Kaylynn Chang
Kaylynn Chang, Editor-In-Chief
An avid bookworm, journalist, and sushi lover, head day student prefect Kaylynn Chang (‘23) comes back to the Webb Canyon Chronicle for one last year as Editor- In- Chief! If you want someone to cook you a heartwarming meal, give you the best book recommendations, or help you with homework, Kaylynn is the right person for you. Equipped with a loud whistle, she manages to successfully get her voice heard through creative writing and independent journalism, as well as helping others achieve the same by leading affinity groups. She wants to continue using her talent and passion for justice for a career in law or politics after her Webb experience is over. When she’s not learning through everyone else’s life stories and memoirs, Kaylynn enjoys working out, cooking Korean food, and listening to her favorite songs by Cigarettes After Sex. From baking delicious snacks to giving you the most genuine advice, Kaylynn has the perfect recipe for looking after others and giving back to the community. As Editor-in- Chief, she hopes to make the WCC an accessible resource for all students and aspiring journalists to learn and share news about Webb.  Favorite Song: “Sunsetz" by Cigarettes after Sex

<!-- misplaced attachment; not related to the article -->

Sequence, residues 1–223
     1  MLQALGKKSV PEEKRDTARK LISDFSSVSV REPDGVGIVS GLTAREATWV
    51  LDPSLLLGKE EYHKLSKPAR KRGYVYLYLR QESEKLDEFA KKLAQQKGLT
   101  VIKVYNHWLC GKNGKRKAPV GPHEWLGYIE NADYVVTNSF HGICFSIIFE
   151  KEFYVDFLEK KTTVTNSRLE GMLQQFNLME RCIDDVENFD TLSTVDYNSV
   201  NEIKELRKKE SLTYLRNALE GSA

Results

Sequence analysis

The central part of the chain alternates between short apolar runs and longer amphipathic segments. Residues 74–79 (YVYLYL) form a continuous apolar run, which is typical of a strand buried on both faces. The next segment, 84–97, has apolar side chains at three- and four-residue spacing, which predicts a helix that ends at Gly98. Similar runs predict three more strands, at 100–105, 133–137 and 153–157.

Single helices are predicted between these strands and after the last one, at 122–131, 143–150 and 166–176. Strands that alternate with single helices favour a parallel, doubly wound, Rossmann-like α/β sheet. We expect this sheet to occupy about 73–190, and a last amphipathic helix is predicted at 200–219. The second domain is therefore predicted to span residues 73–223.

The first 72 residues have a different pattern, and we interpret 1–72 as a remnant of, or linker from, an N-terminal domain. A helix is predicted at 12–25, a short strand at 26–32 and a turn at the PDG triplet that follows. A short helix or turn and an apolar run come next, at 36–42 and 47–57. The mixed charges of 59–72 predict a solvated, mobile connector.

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    Sunny Yu | Feb 13, 2023 at 2:17 PM

    Wonderful piece! It’s like newspaper is a time machine:) Miss Webb and the WCC! So proud that everyone is producing such amazing contents!